Changing trends: Beliefs and attitudes toward sharks and implications for conservation


  • Joao Neves Zoomarine Algarve
  • Terran McGinnis
  • Jean-Christophe Giger



As history shows, and contrary to modern western society’s feelings, sharks were once respected and worshipped. Sensationalized media coverage negatively impacts the public’s perception of sharks and lack of information about management and conservation options negatively impacts policy makers’ ability to keep shark populations healthy. Understanding that people’s attitudes about sharks will influence their willingness to find a way to coexist with them, it is essential to acknowledge these attitudes when developing conservation measures. Just as risk management policies must adapt to new evidence-based information, so must shark conservation efforts adapt to the realities of public opinion. This perspective review, focused on the psychological aspects of human-shark interactions, highlights some of the current research, mostly from Australia and other countries where those interactions are more salient, on the beliefs and attitudes people have toward sharks. With this review, we hope to help policymakers and stakeholders, such as Environmental Non-Governmental Organizations (ENGOs) and the zoological community to better address some of the shark conservation challenges ahead.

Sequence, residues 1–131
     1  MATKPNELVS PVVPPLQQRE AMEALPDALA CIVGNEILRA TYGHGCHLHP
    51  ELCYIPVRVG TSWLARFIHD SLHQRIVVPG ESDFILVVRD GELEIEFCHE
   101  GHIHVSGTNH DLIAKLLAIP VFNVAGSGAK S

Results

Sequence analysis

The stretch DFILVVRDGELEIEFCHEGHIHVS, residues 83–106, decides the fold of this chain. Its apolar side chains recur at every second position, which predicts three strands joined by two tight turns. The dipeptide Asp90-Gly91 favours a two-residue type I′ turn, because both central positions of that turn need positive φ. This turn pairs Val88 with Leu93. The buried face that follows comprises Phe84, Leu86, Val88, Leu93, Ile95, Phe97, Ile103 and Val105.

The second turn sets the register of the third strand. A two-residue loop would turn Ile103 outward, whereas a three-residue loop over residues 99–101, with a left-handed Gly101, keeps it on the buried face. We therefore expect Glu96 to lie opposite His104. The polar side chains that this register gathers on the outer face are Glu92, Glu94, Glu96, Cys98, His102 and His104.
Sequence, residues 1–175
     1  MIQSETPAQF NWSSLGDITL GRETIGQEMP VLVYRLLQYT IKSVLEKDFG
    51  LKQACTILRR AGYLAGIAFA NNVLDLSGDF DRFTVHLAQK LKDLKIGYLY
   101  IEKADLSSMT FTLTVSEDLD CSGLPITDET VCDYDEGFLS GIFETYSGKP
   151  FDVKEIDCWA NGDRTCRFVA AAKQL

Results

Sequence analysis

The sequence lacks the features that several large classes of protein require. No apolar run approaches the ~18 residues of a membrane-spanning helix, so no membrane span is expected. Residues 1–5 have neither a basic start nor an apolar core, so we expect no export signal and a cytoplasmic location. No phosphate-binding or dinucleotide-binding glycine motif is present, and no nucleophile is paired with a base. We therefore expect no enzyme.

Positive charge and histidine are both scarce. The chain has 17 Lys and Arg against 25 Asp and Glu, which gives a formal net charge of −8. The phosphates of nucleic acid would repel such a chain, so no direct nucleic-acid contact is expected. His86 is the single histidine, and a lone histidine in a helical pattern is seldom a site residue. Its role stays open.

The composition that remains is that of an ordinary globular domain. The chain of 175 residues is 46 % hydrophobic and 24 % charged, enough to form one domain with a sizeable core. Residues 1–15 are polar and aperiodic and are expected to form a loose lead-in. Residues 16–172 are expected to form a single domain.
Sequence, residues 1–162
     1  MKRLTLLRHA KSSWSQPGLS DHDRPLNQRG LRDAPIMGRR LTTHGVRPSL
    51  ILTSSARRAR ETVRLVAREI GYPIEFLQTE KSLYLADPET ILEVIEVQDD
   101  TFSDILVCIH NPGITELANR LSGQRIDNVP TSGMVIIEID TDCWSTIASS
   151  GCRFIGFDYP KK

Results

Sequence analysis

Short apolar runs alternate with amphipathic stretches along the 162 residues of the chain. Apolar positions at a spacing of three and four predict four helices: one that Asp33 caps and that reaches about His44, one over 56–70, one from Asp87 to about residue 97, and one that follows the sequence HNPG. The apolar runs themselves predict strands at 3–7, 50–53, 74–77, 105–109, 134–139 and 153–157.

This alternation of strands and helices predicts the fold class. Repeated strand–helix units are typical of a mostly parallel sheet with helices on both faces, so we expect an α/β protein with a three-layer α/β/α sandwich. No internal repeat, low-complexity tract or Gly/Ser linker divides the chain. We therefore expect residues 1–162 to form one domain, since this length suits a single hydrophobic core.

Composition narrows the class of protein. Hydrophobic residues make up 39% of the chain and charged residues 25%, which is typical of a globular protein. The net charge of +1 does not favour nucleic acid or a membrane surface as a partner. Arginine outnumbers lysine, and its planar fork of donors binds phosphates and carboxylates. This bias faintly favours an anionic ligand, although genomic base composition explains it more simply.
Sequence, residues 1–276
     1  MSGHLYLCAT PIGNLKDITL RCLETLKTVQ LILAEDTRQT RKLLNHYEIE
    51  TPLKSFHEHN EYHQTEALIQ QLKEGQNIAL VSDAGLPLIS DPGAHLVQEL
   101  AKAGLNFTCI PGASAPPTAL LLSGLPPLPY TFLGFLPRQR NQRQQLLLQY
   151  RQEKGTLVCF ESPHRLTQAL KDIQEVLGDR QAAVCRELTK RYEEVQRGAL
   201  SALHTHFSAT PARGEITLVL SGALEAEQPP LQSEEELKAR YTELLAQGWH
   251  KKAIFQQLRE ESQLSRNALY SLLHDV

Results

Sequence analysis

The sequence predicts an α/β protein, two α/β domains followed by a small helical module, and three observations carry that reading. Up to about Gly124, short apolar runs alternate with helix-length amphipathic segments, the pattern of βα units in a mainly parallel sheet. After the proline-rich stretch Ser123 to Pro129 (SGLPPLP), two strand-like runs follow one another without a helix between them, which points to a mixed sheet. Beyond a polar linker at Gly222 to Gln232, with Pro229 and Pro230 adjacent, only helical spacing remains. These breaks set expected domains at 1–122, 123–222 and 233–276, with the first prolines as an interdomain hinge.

How to Cite

Neves, J., McGinnis, T., & Giger, J.-C. (2022). Changing trends: Beliefs and attitudes toward sharks and implications for conservation. Ethnobiology and Conservation, 11.